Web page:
Photographs by Ángel Damián Reyes / Text by Ángel Damián Reyes and Alonso Jiménez
The HIV Costa Rica project we participate in wouldn’t be the same without Transvida (Translife in English), our partner organization. Their methods of HIV care and prevention in trans women represent a new frontier in terms of innovation and creativity, as well as institutional and organizational impact.
As an expression of our enormous gratitude and respect for their work, we decided to introduce some of them to our readers through a series of portraits they had taken for their new portal: nosotrans.org.
Dayana, Antonella, Kerlyn, Andrea, Keyra, Alondra, Samantha and Deborah work at Transvida as educators, prevention promoters, knowledge creators, pioneers and HIV test implementers. They overcome violence, stereotypes and laws that discriminate against them every day of their lives.
Antonella is in charge of Monitoring and Evaluation. She learned from scratch everything it takes to do her job successfully, and today her work is essential to the organization. Thanks to her collaboration, we know now that 331 trans women received prevention packages and 143 of them got tested for HIV in 2016 alone.
Kerlyn is an educator; one of her specialties is putting together prevention packages, including advocacy actions with other trans women. Every package contains condoms, lubricants and an informal conversation about the importance of sexual health care. She also talks other girls into getting tested for HIV and persuades them to take advantage of the Social Security Fund for STD testing.
Andrea is also an educator. She started working with Transvida right after the organization’s establishment and legal registration, made possible in part by its connection with the Costa Rica HIV Project. Today, Transvida has many projects of its own and has developed alliances with state institutions and civil society organizations such as the Ministry of Education, Women’s National Institute, the Mixed Institute of Social Help and the Alcoholism and Drug Dependency Institute.
Samantha is the organization’s contact person in Puntarenas, a city located on Costa Rica’s Pacific coast. Transvida travels to various locations at night to carry out rapid HIV testing that provides results in 4 to 5 hours. Upon arrival, the educators give advice before the test, hand out snacks, set up private spaces to answer all types of questions, and then give another round of advice after the test. If someone’s rapid HIV test result is positive, the person is referred to Costa Rican Social Security Fund to confirm the result and, if the person wishes, she can access free psychological counseling.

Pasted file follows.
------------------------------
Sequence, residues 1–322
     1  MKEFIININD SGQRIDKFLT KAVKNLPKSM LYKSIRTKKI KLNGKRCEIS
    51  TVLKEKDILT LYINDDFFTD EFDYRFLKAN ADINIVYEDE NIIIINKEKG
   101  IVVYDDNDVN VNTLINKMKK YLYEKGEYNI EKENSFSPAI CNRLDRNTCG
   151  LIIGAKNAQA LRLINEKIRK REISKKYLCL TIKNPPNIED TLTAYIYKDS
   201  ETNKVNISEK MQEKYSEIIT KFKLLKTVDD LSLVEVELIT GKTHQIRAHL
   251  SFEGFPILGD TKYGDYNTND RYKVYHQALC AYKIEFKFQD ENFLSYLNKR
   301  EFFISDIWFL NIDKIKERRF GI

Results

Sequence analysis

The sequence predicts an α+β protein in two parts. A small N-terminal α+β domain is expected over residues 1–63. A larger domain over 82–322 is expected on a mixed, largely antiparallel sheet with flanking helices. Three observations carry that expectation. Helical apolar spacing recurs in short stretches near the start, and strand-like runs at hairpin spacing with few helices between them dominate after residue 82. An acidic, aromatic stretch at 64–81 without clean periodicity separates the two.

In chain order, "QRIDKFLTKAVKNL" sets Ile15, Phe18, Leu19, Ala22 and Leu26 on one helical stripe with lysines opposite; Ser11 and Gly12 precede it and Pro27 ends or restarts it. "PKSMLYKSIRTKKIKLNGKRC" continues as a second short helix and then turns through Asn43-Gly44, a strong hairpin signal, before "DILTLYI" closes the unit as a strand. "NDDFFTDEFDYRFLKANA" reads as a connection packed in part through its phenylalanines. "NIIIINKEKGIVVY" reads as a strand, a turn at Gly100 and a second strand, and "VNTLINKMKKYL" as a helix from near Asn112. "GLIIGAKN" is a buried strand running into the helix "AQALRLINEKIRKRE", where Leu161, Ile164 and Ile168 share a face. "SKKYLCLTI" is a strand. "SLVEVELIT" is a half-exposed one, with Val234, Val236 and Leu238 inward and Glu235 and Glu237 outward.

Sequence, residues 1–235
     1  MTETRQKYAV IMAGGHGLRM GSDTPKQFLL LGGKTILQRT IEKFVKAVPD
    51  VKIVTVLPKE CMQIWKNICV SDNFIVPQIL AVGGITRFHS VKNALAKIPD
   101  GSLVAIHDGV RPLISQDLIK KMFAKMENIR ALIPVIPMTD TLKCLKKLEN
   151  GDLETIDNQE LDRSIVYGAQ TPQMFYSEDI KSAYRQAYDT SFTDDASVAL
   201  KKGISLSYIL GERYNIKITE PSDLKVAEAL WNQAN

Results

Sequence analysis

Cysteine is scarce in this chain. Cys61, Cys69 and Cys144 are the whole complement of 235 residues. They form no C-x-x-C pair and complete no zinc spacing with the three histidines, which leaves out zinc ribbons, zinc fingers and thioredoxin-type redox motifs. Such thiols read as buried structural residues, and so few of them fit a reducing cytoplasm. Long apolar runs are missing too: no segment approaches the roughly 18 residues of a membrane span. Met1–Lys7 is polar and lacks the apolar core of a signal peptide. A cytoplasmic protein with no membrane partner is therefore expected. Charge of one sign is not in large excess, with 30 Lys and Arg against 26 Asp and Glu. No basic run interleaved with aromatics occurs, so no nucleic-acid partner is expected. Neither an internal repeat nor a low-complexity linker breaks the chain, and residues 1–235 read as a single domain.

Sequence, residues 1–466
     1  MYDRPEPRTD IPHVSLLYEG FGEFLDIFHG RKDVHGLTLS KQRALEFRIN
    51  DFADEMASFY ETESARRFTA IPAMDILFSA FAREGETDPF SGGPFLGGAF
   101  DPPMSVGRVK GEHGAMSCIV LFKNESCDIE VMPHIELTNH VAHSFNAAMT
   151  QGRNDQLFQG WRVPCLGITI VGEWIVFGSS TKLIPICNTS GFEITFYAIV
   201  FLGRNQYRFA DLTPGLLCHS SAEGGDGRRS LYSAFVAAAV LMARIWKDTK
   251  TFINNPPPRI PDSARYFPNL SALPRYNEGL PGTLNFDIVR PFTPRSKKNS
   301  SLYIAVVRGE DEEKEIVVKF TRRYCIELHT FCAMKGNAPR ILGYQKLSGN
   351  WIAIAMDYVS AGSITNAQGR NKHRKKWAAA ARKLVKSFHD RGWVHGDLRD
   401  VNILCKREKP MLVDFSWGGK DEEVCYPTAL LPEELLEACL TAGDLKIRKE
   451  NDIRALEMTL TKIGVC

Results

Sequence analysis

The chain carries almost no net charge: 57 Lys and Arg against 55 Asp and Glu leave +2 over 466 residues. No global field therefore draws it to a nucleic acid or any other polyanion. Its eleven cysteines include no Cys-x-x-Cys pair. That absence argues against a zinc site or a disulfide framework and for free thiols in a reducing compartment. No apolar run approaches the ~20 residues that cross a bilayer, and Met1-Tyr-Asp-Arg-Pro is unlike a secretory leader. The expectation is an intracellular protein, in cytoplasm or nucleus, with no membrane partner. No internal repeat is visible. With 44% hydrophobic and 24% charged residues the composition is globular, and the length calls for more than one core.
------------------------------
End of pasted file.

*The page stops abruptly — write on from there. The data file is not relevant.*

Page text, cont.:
Deborah also works as an educator at the organization. She is a witness of their tireless effort to win what are often uphill battles. Transvida, together with Hivos and the National Institution of Human Rights (Defensoría de los Habitantes de la República) participated making observations to improve the Gender Identity Law draft proposal submitted by MULABI to the Legislative Assembly: The law that has not been approved yet. However, in 2016 they celebrated achieving the approval of a ministerial agreement against discrimination at the Social Security Fund. The agreement requires the Social Security Fund to provide medical attention and STD and HIV testing for all citizens regardless of gender identity.
Dayana (Center) is Transvida’s director. Her struggle started years ago, when she paid for counselling for other trans women out of her own pocket and personally distributed condoms along with Antonella. Her passion and lack of conformity, her teachings and search for justice, make an indelible mark on everyone around her. Whenever she starts a new activity, she takes a group selfie along with other Transvida co-workers, a habit that has now become emblematic the group.
"This article was originally published on Hivos Latin America Click here to view the original article"